Helpful Tips For Personal Injury Deposition PreparationRequest Free Consultation
Clients who are involved in a personal injury lawsuit will almost always have their deposition taken at one point or another. We want our clients to feel confident when they are having to do this process. However, if our client has never been deposed, they can be apprehensive with the prospect of being in front of a camera, under oath, and be questions by an attorney. The below tips should be helpful.
Everyone Prepares For Their Depositions, You Should Too
You shouldn’t feel apprehensive about preparing for your deposition. I have had past clients who say they have nothing to hide and so they don’t want any preparation for a deposition. However, you should remember that the insurance companies prep their witnesses as well. Which means that your deposition will look worse than the at-fault party, their experts, and other witnesses. They are motivated by paying you the smallest compensation possible, and if you don’t do some preparation, this could seriously affect your case. Instead, by doing preparation before your deposition, you will help your case by making you look as good as you should to a potential jury.
Preparing For The Deposition:
Before getting into the tips, what is a deposition? A frequently deposition is a question-and answer interview session of one party to a lawsuit of another person. Depositions are taken under oath with a court reporter typing word for word what is said.
How early should I arrive?
Normally, clients should arrive when the attorney requests they arrive. We normally will have the client prep before the day of the deposition, but also there will sometimes be some administrative tasks completed by the court reporter, like taking a picture for the deposition, or requesting correct spelling of names. Plan to meet your attorney ahead of time. You also want to arrive after your attorney, so that you can feel confident and have a familiar face to arrive to, as law offices for corporate insurance companies can be large and intimidating.
Also remember that you will normally be in a large conference room, and sometimes there is a video camera. Although, this has changed slightly since the Covid-19 pandemic began, there are still attorneys who prefer in-person depositions. I would say that over seventy-five percent of depositions occur at our offices, with corporate counsel not objecting to the deposition occurring at our offices.
What To Bring
Just yourself. Even if your attorney has you review documents or anything beforehand, you should not bring them to the deposition. If you do, the opposing attorney could ask that they be used as an exhibit. Even bringing a cell phone can be problematic as you are then going to be asked to find emails, photographs, or text messages. Instead, nothing should be brought into the deposition.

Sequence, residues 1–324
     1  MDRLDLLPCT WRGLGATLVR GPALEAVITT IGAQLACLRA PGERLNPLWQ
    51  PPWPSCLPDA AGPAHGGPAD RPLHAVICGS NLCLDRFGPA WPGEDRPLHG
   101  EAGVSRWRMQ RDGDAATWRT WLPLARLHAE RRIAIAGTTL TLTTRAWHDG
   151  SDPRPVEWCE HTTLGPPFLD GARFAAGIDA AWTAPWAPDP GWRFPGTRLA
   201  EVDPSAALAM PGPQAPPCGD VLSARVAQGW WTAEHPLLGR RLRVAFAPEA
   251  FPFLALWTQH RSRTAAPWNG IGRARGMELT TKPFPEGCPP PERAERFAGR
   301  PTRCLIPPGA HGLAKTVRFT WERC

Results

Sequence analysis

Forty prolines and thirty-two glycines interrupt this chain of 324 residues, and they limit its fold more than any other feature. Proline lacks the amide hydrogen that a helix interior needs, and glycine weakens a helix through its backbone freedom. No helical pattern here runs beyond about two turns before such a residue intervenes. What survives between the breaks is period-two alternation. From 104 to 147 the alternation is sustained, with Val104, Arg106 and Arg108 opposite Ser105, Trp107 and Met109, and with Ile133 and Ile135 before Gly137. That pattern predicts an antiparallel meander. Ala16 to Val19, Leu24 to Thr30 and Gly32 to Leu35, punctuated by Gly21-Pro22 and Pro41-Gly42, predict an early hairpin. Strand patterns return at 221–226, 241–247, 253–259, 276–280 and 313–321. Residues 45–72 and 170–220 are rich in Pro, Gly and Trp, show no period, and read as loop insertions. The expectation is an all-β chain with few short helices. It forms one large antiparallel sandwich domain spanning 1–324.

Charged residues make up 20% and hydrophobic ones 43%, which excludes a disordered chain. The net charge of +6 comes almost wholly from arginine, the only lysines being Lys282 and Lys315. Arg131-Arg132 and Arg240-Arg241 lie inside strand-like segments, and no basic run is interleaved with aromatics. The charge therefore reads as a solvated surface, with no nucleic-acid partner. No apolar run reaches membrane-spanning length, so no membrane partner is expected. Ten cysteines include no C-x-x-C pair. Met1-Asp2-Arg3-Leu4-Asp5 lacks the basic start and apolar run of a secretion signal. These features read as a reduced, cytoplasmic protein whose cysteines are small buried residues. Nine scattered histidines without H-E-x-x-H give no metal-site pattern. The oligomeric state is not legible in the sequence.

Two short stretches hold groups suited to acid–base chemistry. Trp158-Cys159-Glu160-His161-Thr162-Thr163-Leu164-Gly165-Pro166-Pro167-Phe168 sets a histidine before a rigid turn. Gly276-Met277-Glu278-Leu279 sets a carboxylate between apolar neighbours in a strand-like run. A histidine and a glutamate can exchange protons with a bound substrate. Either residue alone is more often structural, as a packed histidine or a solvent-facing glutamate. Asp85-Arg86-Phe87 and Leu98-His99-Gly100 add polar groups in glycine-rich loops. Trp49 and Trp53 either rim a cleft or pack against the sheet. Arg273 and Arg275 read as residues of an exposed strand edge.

What To Wear
Generally, you should dress how you would show up to a job interview. Clothes should be neat and pressed, however a suit is not required. Clients should also feel comfortable, as some depositions can last from a few hours to the whole day. Don’t worry though, you are allowed to take as many breaks as you need.
What Happens At The Beginning Of The Deposition?
The first thing that will happen is that the court reporter will put you under oath to tell the truth. Then the opposing attorney will give you some instructions. These instructions normally consist of the following in any order: 1) there is a court reporter typing everything that is being said and to assist them, you will need to make sure to wait until the attorney has asked his question before answering; 2) that you cannot answer non-verbally (like the nod of a head) but instead must answer affirmatively like yes or no; 3) that you may request a break at any time to use the bathroom or discuss things with your attorney but if a question has already been asked you must answer it before the break; and 4) you should not answer a question you do not understand and that if you do answer a question, the attorney will understand that you understood the question.
There are certainly additional instructions that may vary on a case-by-case basis. For example, sometimes the person being deposed is required to bring certain documents and those documents can normally be marked at the first of the deposition. Additionally, since the beginning of the Covid-19 pandemic, many depositions are occurring remotely and there may be additional instructions concerning the muting of microphones, zoom or other video technology, etc.
What Should I Remember During My deposition?
During the deposition, we always remind our client of three important rules: 1) don’t lie, 2) don’t guess, and 3) only answer the question being asked.